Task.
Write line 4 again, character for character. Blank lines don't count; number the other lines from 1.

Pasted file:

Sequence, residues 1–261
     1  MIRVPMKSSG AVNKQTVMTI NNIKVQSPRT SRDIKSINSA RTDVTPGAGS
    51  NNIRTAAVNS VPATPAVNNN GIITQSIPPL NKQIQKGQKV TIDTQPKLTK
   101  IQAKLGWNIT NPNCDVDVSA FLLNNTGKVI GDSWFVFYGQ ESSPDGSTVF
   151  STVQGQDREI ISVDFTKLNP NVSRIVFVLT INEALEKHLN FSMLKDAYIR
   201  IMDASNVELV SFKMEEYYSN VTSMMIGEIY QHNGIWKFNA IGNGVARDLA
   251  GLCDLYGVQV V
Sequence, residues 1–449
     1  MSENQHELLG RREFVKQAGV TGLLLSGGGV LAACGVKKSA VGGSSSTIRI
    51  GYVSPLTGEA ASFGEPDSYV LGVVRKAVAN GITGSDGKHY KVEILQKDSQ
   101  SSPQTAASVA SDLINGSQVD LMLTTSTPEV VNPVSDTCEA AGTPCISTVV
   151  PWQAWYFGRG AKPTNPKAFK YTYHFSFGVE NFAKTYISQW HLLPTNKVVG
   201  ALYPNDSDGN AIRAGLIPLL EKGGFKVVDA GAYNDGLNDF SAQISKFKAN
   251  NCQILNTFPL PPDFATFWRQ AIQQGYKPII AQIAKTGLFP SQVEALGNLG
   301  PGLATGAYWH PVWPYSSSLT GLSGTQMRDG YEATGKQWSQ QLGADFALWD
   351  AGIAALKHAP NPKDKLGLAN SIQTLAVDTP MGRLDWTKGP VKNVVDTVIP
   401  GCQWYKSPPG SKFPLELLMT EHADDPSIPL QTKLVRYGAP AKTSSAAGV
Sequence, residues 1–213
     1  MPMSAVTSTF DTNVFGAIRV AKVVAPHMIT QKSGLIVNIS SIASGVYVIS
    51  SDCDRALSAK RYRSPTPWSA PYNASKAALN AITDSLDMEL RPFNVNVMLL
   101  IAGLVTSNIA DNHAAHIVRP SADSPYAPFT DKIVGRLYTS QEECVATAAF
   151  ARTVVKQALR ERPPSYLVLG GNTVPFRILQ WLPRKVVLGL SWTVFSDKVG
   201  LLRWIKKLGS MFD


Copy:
   101  IQAKLGWNIT NPNCDVDVSA FLLNNTGKVI GDSWFVFYGQ ESSPDGSTVF